Playing politics with tragedy
By Jesse Ferreras, Pique Newsmagazine
August 19, 2011
One of my earliest experiences as a journalist was covering the trial of Robert Pickton.
On the first day of the trial I woke up at 5:30 am and CBC Radio was broadcasting a documentary on the victims. Names like Sereena Abotsway and Georgina Papin flowed out of the narrator’s voice like ghostly apparitions. The narration had a haunting quality, leaving no doubt that the spirits of wronged women would be watching human affairs that day.
My editor at my student paper picked me up in his parents’ van and drove us to the New Westminster courthouse on a cold, wet morning in January. There the media had set up camp outside the courthouse, waiting on the trial of a century.
I couldn’t get into the courtroom so I was left to cover the events outside. In the midst of TV reporters doing live hits a group of aboriginal women from the Downtown Eastside broke into a “woman warrior’s song,” a display that quickly diverted the media’s attention from the grisly events being described indoors.
I was overcome with a sympathy I’d never felt before. These women gave strength to each other, and to the vulnerable souls that were now the subject of this trial. My headline that day was, “Pickton trial ignites display of solidarity,” accompanying a picture of an aboriginal woman calling out to ancient spirits to keep her strong in dark times.
Every day after that I watched the trial closely, learning about these women’s lives and the cruel hand that fate had dealt them.
When the trial ended, sending Pickton to prison on six counts of second-degree murder, I was relieved to learn that the provincial government would convene an inquiry to plug policy holes that couldn’t possibly be addressed in a courtroom. The inquiry’s aim is to focus on homicide and missing person investigations, and to provide recommendations that will guide their work moving forward.
For families who will never see Pickton tried for murdering their daughters, the inquiry could provide closure, letting them know that law enforcement agencies are committed to preventing such a tragedy happening again.
So it’s been disillusioning to watch participants play politics with the inquiry in a way that has stirred calls for its cancellation.
The politics began with the appointment of the inquiry’s commissioner. A seasoned judge widely respected in legal circles, Wally Oppal certainly has a deep knowledge of the law and the calm demeanour needed to manage disparate interests.
The problem is that Oppal served as minister of justice at a time that the inquiry was being called for. He was on record as minister saying we couldn’t be sure that there would be anything to learn from an inquiry… and now he leads it.
I studied inquiries for my master’s thesis and what’s important in a commissioner is the perception of integrity. The best commissioners have records beyond question and the zeal to make findings of fact, as well as recommendations to prevent the calamities that necessitate inquiries to begin with.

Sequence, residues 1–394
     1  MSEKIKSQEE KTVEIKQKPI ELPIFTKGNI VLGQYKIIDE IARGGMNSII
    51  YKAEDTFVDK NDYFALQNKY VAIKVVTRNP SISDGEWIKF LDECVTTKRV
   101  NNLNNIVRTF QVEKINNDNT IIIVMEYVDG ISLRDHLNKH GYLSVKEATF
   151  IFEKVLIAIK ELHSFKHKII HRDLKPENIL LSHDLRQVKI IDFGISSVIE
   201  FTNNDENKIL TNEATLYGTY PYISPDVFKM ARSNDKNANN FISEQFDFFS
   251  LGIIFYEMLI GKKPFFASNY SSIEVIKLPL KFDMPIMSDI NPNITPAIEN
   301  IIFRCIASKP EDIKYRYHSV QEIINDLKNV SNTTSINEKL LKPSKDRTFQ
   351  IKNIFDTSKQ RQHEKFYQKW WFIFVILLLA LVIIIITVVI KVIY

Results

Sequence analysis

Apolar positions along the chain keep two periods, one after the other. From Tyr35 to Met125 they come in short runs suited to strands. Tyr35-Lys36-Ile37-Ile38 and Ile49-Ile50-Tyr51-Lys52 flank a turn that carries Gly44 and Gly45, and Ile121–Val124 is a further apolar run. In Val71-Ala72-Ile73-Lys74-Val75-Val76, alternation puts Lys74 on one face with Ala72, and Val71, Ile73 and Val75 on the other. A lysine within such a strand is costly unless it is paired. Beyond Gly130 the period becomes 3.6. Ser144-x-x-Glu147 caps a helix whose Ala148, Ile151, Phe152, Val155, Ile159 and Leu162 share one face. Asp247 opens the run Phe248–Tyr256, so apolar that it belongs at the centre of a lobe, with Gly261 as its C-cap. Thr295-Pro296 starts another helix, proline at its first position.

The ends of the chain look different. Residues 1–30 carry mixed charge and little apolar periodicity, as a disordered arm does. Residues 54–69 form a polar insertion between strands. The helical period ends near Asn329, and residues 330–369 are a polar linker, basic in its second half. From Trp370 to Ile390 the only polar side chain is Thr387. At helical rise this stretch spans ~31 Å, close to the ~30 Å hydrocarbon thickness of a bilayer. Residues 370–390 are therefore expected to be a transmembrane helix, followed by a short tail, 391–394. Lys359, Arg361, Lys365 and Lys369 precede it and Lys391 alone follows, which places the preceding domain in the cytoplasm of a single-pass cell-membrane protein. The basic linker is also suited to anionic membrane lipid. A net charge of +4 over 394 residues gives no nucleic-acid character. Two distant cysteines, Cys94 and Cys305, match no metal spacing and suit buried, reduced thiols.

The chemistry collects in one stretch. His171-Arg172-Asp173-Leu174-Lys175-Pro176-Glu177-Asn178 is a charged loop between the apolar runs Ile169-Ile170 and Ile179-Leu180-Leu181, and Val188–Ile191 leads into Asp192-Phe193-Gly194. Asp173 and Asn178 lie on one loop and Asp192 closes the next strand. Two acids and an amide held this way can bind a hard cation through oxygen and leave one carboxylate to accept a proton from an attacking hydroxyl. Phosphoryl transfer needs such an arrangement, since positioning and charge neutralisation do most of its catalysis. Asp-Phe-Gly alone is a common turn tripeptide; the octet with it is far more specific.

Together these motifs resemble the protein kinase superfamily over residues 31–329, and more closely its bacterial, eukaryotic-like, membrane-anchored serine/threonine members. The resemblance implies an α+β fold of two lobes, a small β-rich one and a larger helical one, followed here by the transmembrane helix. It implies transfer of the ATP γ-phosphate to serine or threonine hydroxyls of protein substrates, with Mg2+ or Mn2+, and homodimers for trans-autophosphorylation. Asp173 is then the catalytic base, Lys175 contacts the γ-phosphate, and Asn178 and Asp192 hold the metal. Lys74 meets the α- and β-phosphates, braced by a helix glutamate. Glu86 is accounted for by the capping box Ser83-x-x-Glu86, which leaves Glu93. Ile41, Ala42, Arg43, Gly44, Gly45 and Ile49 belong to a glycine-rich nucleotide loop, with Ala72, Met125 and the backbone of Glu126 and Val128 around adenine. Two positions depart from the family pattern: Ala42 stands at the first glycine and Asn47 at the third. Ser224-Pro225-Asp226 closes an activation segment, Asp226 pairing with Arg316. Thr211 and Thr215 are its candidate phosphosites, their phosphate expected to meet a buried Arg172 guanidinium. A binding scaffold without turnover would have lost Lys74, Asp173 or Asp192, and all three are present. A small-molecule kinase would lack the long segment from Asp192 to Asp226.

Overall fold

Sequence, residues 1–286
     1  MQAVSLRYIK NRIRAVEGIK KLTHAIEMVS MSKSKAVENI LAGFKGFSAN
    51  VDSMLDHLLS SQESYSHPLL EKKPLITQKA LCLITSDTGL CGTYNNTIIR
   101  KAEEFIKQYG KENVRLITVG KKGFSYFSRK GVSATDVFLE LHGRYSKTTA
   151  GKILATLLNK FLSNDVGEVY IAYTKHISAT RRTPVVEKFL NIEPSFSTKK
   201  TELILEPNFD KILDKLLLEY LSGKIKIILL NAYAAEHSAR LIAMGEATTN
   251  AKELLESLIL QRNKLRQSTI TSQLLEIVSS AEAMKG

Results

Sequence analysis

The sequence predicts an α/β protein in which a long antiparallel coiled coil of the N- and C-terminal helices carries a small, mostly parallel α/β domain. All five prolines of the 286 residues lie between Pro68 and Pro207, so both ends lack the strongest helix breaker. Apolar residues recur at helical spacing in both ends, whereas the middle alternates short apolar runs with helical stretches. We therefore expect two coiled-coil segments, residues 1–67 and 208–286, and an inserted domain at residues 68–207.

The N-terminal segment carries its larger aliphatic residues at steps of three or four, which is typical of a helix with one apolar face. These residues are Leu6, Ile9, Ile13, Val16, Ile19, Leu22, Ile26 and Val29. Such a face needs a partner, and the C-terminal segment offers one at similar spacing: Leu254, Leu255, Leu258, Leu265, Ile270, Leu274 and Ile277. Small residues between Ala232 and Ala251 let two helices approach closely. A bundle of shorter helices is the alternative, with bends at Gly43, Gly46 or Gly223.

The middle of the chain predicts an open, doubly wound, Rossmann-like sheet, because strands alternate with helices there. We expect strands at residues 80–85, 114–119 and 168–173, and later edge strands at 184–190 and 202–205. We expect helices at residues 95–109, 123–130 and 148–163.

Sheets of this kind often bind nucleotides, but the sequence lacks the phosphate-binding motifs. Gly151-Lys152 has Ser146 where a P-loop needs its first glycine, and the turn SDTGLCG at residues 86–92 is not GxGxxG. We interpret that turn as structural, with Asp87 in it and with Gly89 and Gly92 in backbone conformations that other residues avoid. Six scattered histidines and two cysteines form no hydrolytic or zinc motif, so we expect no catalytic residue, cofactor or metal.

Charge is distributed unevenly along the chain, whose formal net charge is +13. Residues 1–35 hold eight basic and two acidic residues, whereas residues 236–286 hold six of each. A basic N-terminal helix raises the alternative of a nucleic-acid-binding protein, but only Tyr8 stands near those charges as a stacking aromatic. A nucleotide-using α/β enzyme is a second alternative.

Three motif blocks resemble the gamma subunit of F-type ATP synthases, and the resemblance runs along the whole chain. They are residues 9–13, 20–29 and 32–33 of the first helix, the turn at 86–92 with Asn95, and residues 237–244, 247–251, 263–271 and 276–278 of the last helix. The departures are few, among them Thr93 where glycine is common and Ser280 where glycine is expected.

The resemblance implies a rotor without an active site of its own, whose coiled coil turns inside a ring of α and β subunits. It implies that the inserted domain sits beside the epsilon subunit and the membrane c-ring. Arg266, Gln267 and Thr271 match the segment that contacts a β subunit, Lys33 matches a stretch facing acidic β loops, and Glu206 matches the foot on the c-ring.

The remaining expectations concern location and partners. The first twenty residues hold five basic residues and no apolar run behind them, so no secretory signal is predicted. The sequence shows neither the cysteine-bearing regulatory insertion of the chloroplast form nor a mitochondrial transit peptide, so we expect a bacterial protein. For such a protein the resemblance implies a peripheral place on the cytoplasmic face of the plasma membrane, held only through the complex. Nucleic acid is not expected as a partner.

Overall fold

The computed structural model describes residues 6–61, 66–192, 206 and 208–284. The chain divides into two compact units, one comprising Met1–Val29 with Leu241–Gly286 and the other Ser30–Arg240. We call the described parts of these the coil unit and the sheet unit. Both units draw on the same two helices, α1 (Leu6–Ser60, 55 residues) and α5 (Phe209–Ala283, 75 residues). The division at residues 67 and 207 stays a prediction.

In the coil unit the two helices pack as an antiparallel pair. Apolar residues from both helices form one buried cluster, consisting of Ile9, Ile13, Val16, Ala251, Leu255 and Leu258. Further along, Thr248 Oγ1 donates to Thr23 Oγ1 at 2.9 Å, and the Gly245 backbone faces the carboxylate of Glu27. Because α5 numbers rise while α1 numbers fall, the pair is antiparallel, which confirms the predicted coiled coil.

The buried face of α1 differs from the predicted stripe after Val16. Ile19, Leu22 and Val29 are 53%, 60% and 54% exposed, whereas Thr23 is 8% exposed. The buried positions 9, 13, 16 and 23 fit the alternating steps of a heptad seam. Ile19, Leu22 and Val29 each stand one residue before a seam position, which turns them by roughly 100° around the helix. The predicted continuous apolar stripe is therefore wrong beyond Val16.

I have no question about Oppal’s record as a judge… I simply question the zeal of a man leading an inquiry he didn’t always think was useful.
More recently we’ve seen the inquiry’s interveners cast even more pall over the inquiry’s work. Groups granted standing like the Ending Violence Association of BC and the West Coast Women’s Legal Education and Action Fund have essentially made their participation conditional on getting funding for their legal fees – on Oppal’s recommendation, I should add.
The provincial government agreed to fund a lawyer to advocate on behalf of victims’ families – a positive step, as their daughters were the victims of faulty government policy.
The government has, however, refused funding for the other interveners, and now groups including EVA and LEAF have made a show of withdrawing from the inquiry.
It’s entirely understandable that these groups would want funding to participate in the inquiry.
Advocacy groups like these are rarely swimming in cash and they depend largely on volunteer donations. And legal bills, as we all know, are never cheap.
The groups are not rich… but public funding was never a certainty and they should never have made their participation conditional on getting it.
The withdrawals have given fuel to calls to scrap the inquiry altogether. Indeed, Leonard Krog, an NDP MLA, told News 1130 that if the rest of the intervening groups withdraw, then the inquiry should be abandoned.
While I don’t doubt that groups like LEAF and EVA care deeply for underprivileged people, the bickering over public funding has created a sideshow that distracts the inquiry from the task at hand: identifying and improving government policy that could prevent women going missing or murdered as we’ve seen in the past.
The families of 26 women depend on this. Twenty of those families will never see Pickton go to trial for the murders of their daughters. Six have already endured a trial and now likely wonder how such events can be stopped in future.
Closure for these families is being delayed on two fronts: by a provincial government that perhaps wasn’t careful enough in picking a commissioner, and by interveners whose grandstanding gives fuel to calls to scuttle the inquiry’s work.
Together they play politics with tragedy… and they deny those families the catharsis they sorely need.